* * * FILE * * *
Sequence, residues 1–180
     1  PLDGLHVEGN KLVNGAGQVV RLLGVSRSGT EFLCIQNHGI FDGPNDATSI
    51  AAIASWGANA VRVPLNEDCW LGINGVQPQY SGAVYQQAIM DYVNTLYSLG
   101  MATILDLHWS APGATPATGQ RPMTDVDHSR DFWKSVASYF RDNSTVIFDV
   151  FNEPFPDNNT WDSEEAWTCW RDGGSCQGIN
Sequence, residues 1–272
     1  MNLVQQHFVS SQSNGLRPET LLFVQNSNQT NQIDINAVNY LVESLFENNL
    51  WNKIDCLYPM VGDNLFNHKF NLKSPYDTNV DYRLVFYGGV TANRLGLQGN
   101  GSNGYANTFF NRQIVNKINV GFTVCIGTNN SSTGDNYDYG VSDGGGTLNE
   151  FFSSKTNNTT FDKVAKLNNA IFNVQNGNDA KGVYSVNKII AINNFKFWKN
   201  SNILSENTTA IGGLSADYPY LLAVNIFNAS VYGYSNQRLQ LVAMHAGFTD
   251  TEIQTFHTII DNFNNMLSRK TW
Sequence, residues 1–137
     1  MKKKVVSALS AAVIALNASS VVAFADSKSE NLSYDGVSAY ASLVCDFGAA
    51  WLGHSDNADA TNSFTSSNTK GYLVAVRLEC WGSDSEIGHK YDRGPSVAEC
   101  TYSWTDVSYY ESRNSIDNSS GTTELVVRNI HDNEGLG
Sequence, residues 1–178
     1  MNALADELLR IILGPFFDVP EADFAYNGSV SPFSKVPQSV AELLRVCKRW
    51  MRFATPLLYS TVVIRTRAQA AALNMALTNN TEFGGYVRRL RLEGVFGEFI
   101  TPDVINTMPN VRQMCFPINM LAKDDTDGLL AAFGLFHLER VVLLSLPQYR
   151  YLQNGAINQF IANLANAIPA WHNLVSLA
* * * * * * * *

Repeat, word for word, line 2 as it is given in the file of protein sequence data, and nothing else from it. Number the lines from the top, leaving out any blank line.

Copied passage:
     1  PLDGLHVEGN KLVNGAGQVV RLLGVSRSGT EFLCIQNHGI FDGPNDATSI